For over three decades, Hollywood film producer Harvey Weinstein sexually assaulted, abused, and raped women until he was brought down by two New York Times investigative reporters, Megan Twohey, played by Carey Mulligan, and Jodi Kantor, played by Zoe Kazan. Directed by Maria Schrader, “She Said” is more than a play-by-the-numbers account of the investigation, we get acquainted with the two journalists, both working mothers, who put their personal lives on hold to uncover the truth and it demonstrates the long-lasting effects of Weinstein’s abuse as we listen to the survivors recount the chilling details.

“She Said” seems to jump right into the Weinstein investigation as the film begins with reporter Megan Twohey (Mulligan) frustrated as a phone call comes into the New York Times. The angry voice on the other end, however, is not the Hollywood mogul, but then-presidential candidate Donald Trump (voiced by James Austin Johnson) who is furious and threatening legal action upon learning he is under investigation for sexual misconduct. It’s 2016. Twohey, who is pregnant, receives death threats because of the Trump investigation. Next up, Bill O’Reilly, who is under fire after a Times investigation uncovers secret settlements with women accusing the Fox News host of sexual misconduct. O’Reilly resigns and gets a $25 million payout, and Trump becomes president.

Jump to 2017 as Times reporter Jodi Kantor (Kazan) follows a lead regarding actress Rose McGowan (voiced by actress Keilly McQuail), who reveals she was raped by Weinstein in the 90s at the Sundance Film Festival. The film also covers Gwyneth Paltrow’s sexual abuse by Weinstein, but she is neither seen nor heard in the film, just mentioned, as Kantor and Twohey, now working together on the investigation, visit her home and wait poolside.

The film features very good performances by Patricia Clarkson as Times editor Rebecca Corbett and Andre Braugher as Times Executive Editor Dean Baquet. The two keep pushing Twohey and Kantor to find someone who will go on the record as McGowan and Paltrow aren’t ready. Corbett keeps the reporters on task while appearing at times as their surrogate mother while Baquet, who’s dealt with Weinstein in the past, keeps reminding them to be careful, “You have to imagine that every call you make is being recorded and you’re being followed.”

One of the film’s most powerful performances comes from Ashley Judd playing herself. In 1997 while working on “Kiss the Girls” the actress was sexually harassed by Weinstein. She reenacts that turbulent part of her life for the film as she reaches out to Kantor agreeing to go on the record. It was Judd’s admission that helped other women come forward.

Based on Twohey and Kantor’s book “She Said: Breaking the Sexual Harassment Story That Helped Ignite a Movement” adapted by Rebecca Lenkiewicz, the film keeps the audience engrossed. Clocking in just over 2 hours, Mulligan and especially Kazan deliver superb performances as investigative journalists. The supporting cast is also exceptional with Samantha Morton as Weinstein’s former PA who describes her former boss as “a master manipulator” but she also notes that the story is much bigger than the man who tried to rape her, “This is about the system protecting abusers” and then there’s Jennifer Ehle as survivor Laura Madden who is reluctant to go on the record, changing her mind after receiving a threatening phone call from Weinstein’s people discouraging her to talk to the press. Unlike so many other women, Madden didn’t sign an NDA, so she’s free to divulge the truth without facing legal repercussions.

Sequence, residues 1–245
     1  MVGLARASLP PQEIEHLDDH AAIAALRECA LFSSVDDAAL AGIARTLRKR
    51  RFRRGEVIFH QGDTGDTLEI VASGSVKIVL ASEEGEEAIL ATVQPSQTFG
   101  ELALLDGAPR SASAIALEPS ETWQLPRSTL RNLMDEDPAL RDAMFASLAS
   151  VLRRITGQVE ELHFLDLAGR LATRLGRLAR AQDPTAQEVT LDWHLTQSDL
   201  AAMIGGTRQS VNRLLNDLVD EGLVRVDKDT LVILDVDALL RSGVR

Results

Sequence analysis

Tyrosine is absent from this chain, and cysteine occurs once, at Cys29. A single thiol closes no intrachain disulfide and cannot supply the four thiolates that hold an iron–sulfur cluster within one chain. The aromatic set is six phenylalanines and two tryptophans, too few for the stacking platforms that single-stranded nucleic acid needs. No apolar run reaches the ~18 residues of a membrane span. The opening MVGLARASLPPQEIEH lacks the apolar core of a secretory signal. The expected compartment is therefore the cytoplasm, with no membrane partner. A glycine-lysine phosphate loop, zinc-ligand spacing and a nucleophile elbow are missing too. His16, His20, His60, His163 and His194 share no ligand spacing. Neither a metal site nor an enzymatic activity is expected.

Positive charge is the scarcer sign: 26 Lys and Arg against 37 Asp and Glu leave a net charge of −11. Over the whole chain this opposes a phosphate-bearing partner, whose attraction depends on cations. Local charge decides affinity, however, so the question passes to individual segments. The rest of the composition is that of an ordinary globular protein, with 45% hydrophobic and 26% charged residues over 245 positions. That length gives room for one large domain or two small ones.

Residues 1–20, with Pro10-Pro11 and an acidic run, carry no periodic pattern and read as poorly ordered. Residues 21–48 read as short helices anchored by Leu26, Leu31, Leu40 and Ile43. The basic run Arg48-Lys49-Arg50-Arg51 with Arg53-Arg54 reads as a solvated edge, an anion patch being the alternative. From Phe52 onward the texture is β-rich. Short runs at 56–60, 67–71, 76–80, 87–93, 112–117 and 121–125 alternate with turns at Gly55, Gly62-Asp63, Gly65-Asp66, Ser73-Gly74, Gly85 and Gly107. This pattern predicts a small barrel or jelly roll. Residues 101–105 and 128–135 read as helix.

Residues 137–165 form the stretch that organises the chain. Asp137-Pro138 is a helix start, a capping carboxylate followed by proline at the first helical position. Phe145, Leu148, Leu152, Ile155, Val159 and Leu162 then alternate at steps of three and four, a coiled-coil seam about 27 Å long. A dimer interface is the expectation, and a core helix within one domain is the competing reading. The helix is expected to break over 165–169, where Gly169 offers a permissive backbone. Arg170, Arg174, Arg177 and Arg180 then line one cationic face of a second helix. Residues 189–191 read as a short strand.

Perhaps the most haunting part of “She Said” is the shot of a hotel lobby as the voice recording of Weinstein trying to coerce model Ambra Battilana Gutierrez into his hotel room is heard. The excruciating audio seems to go on forever as the sexual predator repeatedly tells his victim “Don’t embarrass me” as she resists his advances.

Working in favor of the film is Schrader’s attempt of humanizing her two leads. We become acquainted with Twohey who suffers from postpartum depression and Kantor, who feels empathy for the women abused by Weinstein, as they juggle their roles as mothers with their careers which take up most of their time. “She Said” feels rushed in the final chapter, and the pacing is off at times, but the performances are first-rate.

I love films about investigative journalists. When I was in middle school, I argued with the manager of the local movie theater who wouldn’t let me in to see “All the President’s Men” because it was rated R. I stated it was only rated PG and we went back and forth for several minutes. Finally, I convinced him to step outside where I pointed to the poster that was clearly marked PG. Victory at last. “She Said” keeps you engaged regardless of knowing the outcome. Bet then again, do we really know the outcome? I feel this story is far from over.

(3 ½ stars)

Now showing in theaters

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Joe Friar head and shoulders

Joe Friar

Member of the Critics Choice Association (CCA), Latino Entertainment Journalists Association (LEJA), the Houston Film Critics Society, and a Rotten Tomatoes approved critic.